The power of the central nervous system (CNS) to modulate our health and well-being is widely appreciated, and recent studies have demonstrated the importance of the CNS in regulating the aging process. Alteration of sensory input to the brain by genetic or environmental means is capable of regulating stress resistance, metabolism, and longevity, but how these inputs are integrated by the CNS is only beginning to be unraveled. In our recently published results, we discovered a set of sensory neurons, a specific pheromone receptor (ppk23), and a group of neurons in the brain expressing a conserved neuropeptide (NPF) that are components of a circuit capable of quickly and reversibly regulating stress resistance, fat storage, and lifespan in the fruit fly, Drosophlia melanogaster. The primary objective of this proposal is to completely define a neural circuit, from inputs to the ultimate effector signaling pathways, capable of regulating the aging process. In our first aim we will determine if mating-reward, which partially negates the effects of pheromone sensation on lifespan and metabolism, acts as an input to the same neural circuit to regulate aging. In our second aim, we will identify subsets of interneurons as well as neuroendocrine cells that are responsible for modulating whole-organism aging and physiology as a part of this neural circuit.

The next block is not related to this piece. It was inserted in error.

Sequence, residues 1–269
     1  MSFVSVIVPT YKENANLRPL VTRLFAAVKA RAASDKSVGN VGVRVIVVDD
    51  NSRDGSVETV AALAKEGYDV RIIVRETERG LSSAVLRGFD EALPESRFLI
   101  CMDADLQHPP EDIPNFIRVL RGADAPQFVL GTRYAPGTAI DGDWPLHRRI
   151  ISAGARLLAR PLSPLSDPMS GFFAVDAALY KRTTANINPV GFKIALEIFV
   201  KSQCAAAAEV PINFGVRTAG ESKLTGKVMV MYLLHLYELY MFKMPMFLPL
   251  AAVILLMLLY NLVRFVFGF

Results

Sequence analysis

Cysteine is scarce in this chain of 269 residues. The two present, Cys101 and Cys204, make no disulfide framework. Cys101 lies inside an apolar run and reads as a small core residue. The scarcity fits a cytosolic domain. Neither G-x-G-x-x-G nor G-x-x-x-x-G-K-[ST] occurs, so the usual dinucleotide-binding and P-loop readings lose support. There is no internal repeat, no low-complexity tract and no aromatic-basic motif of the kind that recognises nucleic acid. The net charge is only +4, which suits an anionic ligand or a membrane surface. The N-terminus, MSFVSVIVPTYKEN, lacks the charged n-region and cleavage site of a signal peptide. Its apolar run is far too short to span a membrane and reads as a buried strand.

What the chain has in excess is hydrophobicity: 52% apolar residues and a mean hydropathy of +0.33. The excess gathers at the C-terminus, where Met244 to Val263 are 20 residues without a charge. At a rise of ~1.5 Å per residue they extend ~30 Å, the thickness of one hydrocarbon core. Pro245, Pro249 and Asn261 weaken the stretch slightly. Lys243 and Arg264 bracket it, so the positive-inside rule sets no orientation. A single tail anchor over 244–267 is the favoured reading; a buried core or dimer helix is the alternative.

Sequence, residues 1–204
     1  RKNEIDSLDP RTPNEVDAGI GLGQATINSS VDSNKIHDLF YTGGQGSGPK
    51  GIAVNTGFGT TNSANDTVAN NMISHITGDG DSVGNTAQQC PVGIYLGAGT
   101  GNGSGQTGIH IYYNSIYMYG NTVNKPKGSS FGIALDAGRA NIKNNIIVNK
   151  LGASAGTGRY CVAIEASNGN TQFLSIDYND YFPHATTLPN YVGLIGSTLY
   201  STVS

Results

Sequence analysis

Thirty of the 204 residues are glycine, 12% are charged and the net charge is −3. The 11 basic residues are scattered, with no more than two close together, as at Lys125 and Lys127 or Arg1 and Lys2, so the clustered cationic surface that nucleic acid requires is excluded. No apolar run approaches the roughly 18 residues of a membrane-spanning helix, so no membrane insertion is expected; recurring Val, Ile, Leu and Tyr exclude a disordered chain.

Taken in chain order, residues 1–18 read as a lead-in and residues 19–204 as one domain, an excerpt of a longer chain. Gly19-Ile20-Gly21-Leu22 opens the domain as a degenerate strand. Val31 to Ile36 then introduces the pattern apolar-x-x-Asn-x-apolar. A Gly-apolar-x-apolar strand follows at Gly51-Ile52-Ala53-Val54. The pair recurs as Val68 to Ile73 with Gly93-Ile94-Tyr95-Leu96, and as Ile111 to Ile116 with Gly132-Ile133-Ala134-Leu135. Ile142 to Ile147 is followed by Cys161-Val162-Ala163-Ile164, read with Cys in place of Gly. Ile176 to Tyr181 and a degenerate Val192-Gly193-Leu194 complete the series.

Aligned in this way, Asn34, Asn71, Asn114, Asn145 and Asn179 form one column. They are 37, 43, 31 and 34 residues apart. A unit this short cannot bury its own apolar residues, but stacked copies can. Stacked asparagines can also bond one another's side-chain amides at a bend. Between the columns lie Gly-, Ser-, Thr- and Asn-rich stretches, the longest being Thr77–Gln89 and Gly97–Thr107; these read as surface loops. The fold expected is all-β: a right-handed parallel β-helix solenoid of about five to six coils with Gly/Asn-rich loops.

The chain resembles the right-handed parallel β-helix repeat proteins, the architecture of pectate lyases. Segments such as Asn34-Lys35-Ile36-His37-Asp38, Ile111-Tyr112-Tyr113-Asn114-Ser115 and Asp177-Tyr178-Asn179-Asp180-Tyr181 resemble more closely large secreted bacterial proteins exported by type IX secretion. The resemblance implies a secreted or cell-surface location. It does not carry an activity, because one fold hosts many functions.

Our final aim will elucidate how this neural pathway interacts wih known pathways that are capable of regulating aging. As both the biological basis of aging and the functional architecture of the CNS are highly conserved across taxa, the studies performed in this proposal will elucidate how the brain processes and integrates environmental inputs to directly regulate the aging process. We believe that these ambitious studies will push forward the development of successful anti-aging interventions.

Public Health Relevance

While the brain's ability to regulate the health and well-being of individuals is well-known the mechanisms through which it accomplishes this are generally unidentified. This project seeks to understand how the brain regulates the aging process, which will provide a basis for developing anti-aging therapeutic interventions.

Agency
National Institute of Health (NIH)
Type
Individual Predoctoral NRSA for M.D./Ph.D. Fellowships (ADAMHA) (F30)
Project #
1F30AG048661-01
Application #
8779811
Study Section
Special Emphasis Panel (ZRG1)
Program Officer
Mackiewicz, Miroslaw
Project Start
Project End
Budget Start
Budget End
Support Year
1
Fiscal Year
2014
Total Cost
Indirect Cost
Name
University of Michigan Ann Arbor
Department
Physiology
Type
Schools of Medicine
DUNS #
City
Ann Arbor
State
MI
Country
United States
Zip Code
48109